• Robert Guyton

                  "a relatively small group, spreading influence via a kind of psychic osmosis. People buying into the new way as soon as benefits looked desirable enough. Contagion escalates the trend."

                  Right! Let's do it!


      • Sacha 8.1.2

        We need more than general chat to create collective action. Which is not to say the old ways are all there is.

        • Janet

          Yes pragmatism has been generally lacking on this comment spot. Most of the population don,t know where or how to practically start making their difference towards helping the climate change. Many still do not even believe there is a need to start. Nuts and bolts – simple lists – what happens if we don,t and what happens if we do … Identifying and broadcasting the simple every day changes we can easily make in the way we live these days is the place to start. Then you start to build awareness and some thirst for more knowledge – hopefully.

          • Robert Guyton

            "Many still do not even believe there is a need to start."

            I think that's the reason for "philosophical" focus here, Janet. As far as practical advice is concerned, there has been a great deal of that in the field of food production and land management, along with occasional forays into energy, transport etc, but in my experience interest gets lost in an avalanche if detail and challenges to those ideas. To me, it's important to establish first-principles, at the same time garnishing the discussion with practical tips; do you have some of those yourself? We're all ears!

            • Janet

              I have previously presented some practical beginning steps on this site. Maybe you should start and permanently hold a list on "How to get There" that people can read and add to.

              I spent 7 months last year sailing through Indonesia and the rubbish filled currents of the Malacca Straits off Malaysia. I must say that I felt the somewhat intense focus in NZ to mitigate Climate change was a bit pointless unless countries like those were also doing their bit. In fact I do despair because what ever we do in NZ will be a drop in the ocean in view of what needs doing out there right now.

              • Robert Guyton

                Overwhelming, isn't it. Avoiding that is the primary aim for each of us.

  9. Robert Guyton 9

    The process you describe; "agreement on goals usually becomes specific, as in word-formulation, and ends up in a plan. Plans then form the basis for action. Strategy emerges from the plan via agreement on how/where to focus energy. Tactics then emerge when teams cohere to implement strategy." sounds very civilised. My view is different; storytelling is everything; ring your bell, your tempered bell, and send it out into the ether where it will set other people's bells ringing at your frequency; theirs in turn, carry the sound further and further, each bell slightly altering the sound, enriching and tuning it to produce a harmonic. You'll need ears to receive the resulting music, unless you have an especially sensitive heart, and the ability to convert what you hear into words and action.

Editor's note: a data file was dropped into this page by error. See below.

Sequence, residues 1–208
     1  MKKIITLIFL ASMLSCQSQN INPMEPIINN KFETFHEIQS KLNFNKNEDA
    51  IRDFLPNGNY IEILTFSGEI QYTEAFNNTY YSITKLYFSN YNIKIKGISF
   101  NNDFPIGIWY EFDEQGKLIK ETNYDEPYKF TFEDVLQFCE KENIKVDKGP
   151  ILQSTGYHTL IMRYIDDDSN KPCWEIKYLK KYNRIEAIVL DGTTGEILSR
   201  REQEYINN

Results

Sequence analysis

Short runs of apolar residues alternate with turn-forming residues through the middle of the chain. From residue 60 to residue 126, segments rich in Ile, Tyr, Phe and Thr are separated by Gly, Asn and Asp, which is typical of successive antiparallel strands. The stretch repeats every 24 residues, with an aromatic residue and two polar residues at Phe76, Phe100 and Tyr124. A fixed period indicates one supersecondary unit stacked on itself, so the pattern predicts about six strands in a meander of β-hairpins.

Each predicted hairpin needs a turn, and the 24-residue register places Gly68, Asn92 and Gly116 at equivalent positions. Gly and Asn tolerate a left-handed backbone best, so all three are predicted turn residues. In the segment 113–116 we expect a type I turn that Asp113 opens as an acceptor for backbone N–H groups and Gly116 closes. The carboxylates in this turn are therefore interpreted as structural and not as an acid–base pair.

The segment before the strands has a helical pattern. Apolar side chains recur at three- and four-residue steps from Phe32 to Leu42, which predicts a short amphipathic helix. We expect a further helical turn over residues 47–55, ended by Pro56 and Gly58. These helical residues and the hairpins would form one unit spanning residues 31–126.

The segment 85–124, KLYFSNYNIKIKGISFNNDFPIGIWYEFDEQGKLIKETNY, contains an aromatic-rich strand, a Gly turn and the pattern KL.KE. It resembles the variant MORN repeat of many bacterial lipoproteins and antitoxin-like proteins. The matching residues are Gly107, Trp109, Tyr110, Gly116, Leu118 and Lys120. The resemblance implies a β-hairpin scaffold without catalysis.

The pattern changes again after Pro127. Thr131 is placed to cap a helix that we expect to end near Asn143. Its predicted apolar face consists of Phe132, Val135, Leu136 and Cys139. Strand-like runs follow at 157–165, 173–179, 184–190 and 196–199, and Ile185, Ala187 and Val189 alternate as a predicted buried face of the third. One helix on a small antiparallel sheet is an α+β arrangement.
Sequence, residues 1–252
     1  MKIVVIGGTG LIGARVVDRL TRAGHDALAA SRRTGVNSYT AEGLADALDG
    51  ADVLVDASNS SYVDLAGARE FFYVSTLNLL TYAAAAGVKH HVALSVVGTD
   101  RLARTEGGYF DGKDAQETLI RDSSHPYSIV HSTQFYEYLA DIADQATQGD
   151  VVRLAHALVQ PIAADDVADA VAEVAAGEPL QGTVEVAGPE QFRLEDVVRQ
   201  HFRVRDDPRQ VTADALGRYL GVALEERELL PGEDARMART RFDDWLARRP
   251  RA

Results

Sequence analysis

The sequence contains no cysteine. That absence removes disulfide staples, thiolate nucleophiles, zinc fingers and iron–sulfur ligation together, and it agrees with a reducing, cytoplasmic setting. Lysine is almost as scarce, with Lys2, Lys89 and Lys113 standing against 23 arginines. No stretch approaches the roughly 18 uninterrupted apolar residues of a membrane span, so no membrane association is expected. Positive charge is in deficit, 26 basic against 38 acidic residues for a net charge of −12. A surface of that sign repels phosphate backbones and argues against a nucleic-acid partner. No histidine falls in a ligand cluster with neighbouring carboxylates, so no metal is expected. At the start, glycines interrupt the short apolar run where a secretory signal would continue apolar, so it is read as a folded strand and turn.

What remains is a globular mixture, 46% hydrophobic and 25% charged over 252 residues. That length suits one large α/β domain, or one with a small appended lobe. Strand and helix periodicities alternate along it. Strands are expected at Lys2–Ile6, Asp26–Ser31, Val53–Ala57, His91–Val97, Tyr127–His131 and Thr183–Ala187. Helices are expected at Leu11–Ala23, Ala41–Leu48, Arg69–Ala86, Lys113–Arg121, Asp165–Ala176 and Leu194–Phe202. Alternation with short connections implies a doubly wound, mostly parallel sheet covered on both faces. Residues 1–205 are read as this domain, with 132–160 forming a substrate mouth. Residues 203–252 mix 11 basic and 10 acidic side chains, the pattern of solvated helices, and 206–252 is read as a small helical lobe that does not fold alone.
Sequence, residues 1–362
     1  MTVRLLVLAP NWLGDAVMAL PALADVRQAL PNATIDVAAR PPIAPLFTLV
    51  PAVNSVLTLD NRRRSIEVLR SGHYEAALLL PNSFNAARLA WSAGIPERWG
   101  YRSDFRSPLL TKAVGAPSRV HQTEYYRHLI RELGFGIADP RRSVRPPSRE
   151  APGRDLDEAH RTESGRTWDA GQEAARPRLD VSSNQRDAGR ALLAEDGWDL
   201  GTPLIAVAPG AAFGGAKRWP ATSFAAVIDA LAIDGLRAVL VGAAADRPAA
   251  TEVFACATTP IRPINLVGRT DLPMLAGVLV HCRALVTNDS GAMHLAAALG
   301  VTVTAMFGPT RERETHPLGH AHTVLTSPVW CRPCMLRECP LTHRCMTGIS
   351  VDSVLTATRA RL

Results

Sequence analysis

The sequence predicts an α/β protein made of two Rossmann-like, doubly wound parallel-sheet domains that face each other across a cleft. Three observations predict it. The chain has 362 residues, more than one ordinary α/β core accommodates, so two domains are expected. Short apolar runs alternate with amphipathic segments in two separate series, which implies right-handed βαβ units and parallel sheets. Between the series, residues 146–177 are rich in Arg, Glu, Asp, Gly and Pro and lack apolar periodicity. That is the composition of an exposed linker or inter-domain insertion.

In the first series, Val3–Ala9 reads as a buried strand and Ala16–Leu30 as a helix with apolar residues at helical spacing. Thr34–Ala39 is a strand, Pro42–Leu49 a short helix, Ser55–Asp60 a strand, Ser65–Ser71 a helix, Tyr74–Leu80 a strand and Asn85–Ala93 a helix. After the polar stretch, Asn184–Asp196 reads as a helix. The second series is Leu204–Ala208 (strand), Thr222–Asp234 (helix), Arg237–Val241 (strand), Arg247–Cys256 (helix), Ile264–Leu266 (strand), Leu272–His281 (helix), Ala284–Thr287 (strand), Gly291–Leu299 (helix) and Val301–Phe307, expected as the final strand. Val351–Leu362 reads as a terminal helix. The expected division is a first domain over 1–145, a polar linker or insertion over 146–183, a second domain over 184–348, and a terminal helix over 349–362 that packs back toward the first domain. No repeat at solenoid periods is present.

Perhaps we're saying the same thing, Dennis. Mine sounds airy-faerie, perhaps, while yours sounds corporate to me.

    • Dennis Frank 9.1

      Yeah, a complementary frame does apply. Your musical approach seems to correlate precisely with how the Green movement originated in '68 (primarily manifesting in songs, catalysed by psychedelics) and the random flow it developed through the seventies.

      I agree it's the best way for a culture to spread through the masses. However, political organisation is necessary to provide the spearhead of progress. Corporate only insofar as a body corporate is a social organism – design for organic flow as operational process rather than structure (which induces stasis).

    • Dennis Frank 9.2

      Incidentally the book I've been quoting has this story indexed under collaboration, and it makes music the key: "What made the Beatles great is that John was introduced to Paul on July 6, 1957, in St Peter's Church in Liverpool, England, just before John was about to go onstage with his band the Quarrymen. It was because of this meeting that they started to work together, and it was their working together alongside George and Ringo that made the Beatles legendary. That great creative spirit that changed popular culture emerged from their interaction, not from their individual contributions."

      So the thing to learn is that group alchemy is the key. Music catalysed it. Lennon must have already known that his current band lacked magic, because he dropped them. Gotta have the right people!!

      In regard to an alternative political movement, same logic applies. The synergy and catalytic effect (magic) happen only if the right people combine, in the right design, with the right attitude, and do what the situation requires: the right actions.

      • Robert Guyton 9.2.1

        Finding the "right" people then, is important; how will someone know you are the right fit? Paul and John didn't meet at a football game; they had identified their field of interest and had followed their independent paths, meeting at the right place at the right time; serendipity? co-incidence? chance?,